#15
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Dead serious!  Smile

Ice water causes your whiskers to stiffen, so its easier for the razor to cut them cleanly and closely.  Ice water also soothes any irritation after you shave (I spend about 1/2 a minute splashing ice water on my face post-shave).

Cold water also doesn't remove your skins natural oils like hot water does, allowing it to act as a natural lubricant for the shave (I don't use any soap on the face prior to shaving, and if I'm showering, I do it post-shave).

(07-10-2015, 06:22 AM)jarick Wrote: Does anyone else like higher lofts on the bulbs?

I've got two 2-band silvertip bulbs, one at 24x54 and one at 26x58.  The 24x54 is a nice size but just a bit short (actually measures 25x53).  I find it can be just a bit irritating face lathering with it.  I actually had a Thater 4125/1 that measured about 25x52 and that also felt a bit irritating with extended use.  The 26x58 is massive, way too big for me to want to use daily, but it feels a lot softer with the higher loft.  Been thinking of downsizing from the two to a compromise of 24x56.

(07-11-2015, 05:03 AM)racebmx Wrote: I can't quite tell if you are serious or not! But also living in the oven we call Charleston, I often think of how to cool off.  I've been pondering a "reverse scuttle",  i.e. putting my bowl in the refrigerator for a while.  Direct ice water is very interesting! 

Back on topic, my best results typically come from room temperature water with a cold rinse.  Tallow content makes no difference to me.

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 06-08-2016, 08:03 PM
#16
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New convert to cold water shaving. Living it.

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 06-08-2016, 08:23 PM
#17
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Why anyone would shave with cold water by choice is an utter mystery to me.  There seem to be a lot of threads related to this subject lately, but shaving with cold water is like wiping your bottom with leaves...better tools are available.  

Simply put, there is nothing desirable about putting a cold metal object to my my a cold and wet, goose-bumped morning beard stubble.  Thanks to Uncle Sam, I have years of experience upon which to fall back to verify this feeling.  Thoroughly unpleasant before, during and after the shave, and a recipe for cuts and irritation.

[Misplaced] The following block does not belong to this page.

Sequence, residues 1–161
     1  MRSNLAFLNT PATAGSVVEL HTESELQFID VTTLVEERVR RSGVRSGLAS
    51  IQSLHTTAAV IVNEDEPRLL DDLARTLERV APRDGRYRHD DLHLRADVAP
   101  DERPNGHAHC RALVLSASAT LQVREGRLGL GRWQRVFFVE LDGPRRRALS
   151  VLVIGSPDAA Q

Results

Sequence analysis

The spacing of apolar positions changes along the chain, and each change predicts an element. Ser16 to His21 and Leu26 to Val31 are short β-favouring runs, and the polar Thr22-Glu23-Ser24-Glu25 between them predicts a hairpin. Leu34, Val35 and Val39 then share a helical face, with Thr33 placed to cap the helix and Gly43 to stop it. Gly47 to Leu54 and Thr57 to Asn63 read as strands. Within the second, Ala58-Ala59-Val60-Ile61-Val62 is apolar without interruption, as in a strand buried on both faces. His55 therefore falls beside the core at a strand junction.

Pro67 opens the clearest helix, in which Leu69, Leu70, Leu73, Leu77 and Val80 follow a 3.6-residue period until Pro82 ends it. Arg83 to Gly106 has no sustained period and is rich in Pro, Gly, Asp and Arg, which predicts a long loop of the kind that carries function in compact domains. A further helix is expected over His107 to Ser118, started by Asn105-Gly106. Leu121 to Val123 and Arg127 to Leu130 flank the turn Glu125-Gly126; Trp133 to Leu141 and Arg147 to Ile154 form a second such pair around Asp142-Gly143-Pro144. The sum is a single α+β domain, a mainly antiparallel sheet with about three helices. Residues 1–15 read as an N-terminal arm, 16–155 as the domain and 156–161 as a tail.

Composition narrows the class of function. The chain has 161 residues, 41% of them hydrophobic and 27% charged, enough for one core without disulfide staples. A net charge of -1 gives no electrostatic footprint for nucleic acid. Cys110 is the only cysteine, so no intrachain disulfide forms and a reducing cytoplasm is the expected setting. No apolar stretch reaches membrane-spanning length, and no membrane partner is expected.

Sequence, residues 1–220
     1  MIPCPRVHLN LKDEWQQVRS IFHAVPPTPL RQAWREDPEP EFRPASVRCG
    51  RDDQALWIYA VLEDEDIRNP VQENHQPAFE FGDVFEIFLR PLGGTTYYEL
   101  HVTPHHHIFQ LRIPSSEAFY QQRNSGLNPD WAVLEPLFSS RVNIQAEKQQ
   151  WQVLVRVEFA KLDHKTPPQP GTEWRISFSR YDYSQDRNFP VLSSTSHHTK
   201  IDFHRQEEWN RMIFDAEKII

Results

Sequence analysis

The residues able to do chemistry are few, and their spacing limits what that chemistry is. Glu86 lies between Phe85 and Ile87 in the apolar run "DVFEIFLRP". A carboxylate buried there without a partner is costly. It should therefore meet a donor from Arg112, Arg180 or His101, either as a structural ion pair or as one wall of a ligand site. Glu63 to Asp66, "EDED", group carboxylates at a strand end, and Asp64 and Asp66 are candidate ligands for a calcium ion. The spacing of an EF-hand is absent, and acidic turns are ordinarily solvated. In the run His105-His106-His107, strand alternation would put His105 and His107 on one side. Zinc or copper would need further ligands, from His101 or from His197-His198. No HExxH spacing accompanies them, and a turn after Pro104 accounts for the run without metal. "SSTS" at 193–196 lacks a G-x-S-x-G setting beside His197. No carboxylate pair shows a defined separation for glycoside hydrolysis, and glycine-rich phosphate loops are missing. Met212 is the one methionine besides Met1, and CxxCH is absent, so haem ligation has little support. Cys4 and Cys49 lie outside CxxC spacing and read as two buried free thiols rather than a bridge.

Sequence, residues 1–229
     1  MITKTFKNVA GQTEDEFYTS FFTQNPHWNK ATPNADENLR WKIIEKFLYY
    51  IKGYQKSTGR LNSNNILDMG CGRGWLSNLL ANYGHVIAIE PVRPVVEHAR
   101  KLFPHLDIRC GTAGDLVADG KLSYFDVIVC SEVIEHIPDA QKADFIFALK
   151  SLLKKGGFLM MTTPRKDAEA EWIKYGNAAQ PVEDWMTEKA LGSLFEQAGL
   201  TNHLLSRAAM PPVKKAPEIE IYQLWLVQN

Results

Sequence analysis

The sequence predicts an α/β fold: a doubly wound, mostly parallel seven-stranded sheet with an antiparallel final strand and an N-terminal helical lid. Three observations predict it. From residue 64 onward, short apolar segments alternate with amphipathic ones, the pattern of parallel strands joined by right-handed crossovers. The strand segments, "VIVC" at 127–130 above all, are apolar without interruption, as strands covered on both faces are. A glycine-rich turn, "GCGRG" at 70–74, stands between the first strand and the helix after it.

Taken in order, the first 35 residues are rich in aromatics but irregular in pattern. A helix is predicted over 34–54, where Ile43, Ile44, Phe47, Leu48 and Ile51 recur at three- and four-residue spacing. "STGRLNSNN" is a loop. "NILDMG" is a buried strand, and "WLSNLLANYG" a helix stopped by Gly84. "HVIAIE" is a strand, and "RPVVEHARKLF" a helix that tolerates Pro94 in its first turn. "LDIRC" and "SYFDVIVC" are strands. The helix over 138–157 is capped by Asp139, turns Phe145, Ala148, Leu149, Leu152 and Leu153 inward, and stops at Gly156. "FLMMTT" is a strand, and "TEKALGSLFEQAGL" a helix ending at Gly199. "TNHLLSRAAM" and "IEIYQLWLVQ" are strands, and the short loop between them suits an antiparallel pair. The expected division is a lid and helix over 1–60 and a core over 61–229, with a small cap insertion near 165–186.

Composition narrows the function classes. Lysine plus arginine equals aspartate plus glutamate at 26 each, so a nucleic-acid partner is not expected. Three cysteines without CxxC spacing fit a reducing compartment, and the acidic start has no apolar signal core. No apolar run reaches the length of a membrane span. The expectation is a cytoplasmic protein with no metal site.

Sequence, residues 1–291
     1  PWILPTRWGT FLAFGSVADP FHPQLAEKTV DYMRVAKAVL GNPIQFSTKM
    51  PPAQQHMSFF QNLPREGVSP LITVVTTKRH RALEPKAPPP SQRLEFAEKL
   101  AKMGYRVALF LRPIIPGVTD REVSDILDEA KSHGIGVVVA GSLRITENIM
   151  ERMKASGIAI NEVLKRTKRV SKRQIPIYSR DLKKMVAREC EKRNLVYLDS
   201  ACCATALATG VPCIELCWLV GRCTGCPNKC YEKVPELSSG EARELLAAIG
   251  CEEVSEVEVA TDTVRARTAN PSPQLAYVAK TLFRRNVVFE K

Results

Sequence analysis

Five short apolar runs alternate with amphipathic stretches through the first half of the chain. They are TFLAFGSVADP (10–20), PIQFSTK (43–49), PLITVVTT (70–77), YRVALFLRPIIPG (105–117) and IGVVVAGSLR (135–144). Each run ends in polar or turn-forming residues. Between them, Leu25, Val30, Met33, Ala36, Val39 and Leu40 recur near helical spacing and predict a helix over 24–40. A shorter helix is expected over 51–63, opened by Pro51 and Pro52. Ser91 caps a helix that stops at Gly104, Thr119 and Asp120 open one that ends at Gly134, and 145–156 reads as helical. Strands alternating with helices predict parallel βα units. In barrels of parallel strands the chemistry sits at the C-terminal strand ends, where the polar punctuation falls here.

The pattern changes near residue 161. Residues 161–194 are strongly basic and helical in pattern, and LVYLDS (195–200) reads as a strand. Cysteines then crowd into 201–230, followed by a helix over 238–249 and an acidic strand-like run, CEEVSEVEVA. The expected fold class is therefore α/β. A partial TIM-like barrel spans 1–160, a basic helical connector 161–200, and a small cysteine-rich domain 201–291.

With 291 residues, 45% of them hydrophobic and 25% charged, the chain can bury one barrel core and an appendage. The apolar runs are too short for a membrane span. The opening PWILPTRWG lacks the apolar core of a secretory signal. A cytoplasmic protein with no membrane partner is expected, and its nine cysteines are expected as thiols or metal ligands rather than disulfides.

If it works for you, or you are a masochist, hurrah for you.  Give me a scuttle and piping warm water.

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 06-08-2016, 10:34 PM
#18
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There is a reason countless professional barbers have used hot towels and warm lather from time immemorial. All the ones I've talked to claim that warm/hot water gives a closer, cleaner shave by relaxing the pores and loosening dead skin cells that are then more easily removed with the razor. This exfoliates and cleans the skin, and by doing so, provides a closer shave.

Like another poster commented, it is like trying to wash dishes with cold water. Not only does it not get as clean, but the stubble within and under the grime is not cut as smoothly or consistently.

I suspect the recent phenomenon of amateur shavers preferring cold water to prevent irritation is due to a lack of proper technique (that can be accentuated by skin type), in which dead skin cells and grime act as a kind of buffer that does protect against razor burn and irritation.

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 06-09-2016, 12:27 AM
#19
  • nikos.a
  • Senior Member
  • Athens, Greece
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I shave with warm/hot water only. I really can't use cold, I tried but I didn't get a smooth, close shave. It's not for me. Also, I enjoy shaving with hot water. I'd say that the razor cuts the hairs more easily with hot water. A barber said me that as well a few months ago, when I went for a haircut.

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 06-09-2016, 02:37 AM
#20
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(06-08-2016, 10:34 PM)Len Wrote: There is a reason countless professional barbers have used hot towels and warm lather from time immemorial. All the ones I've talked to claim that warm/hot water gives a closer, cleaner shave by relaxing the pores and loosening dead skin cells that are then more easily removed with the razor. This exfoliates and cleans the skin, and by doing so, provides a closer shave.

Like another poster commented, it is like trying to wash dishes with cold water. Not only does it not get as clean, but the stubble within and under the grime is not cut as smoothly or consistently.

I suspect the recent phenomenon of amateur shavers preferring cold water to prevent irritation is due to a lack of proper technique (that can be accentuated by skin type), in which dead skin cells and grime act as a kind of buffer that does protect against razor burn and irritation.

Yes, there is a reason.  100 years or so ago, pretty much everyone had to shave with cold water and hot water was a luxury that most men did not have easy access too.  As such, when it became available, it was viewed as a luxury.

Cold water shaving stiffens the whiskers allowing the razor to more cleanly, closely cut stubble.  It also helps to soothe any irritation post-shave.  

If you want to shave with hot water, have at it, but these type of attacks on an alternative method of shaving is baffling to me, especially when I suspect most have not made an honest effort to master it before criticizing.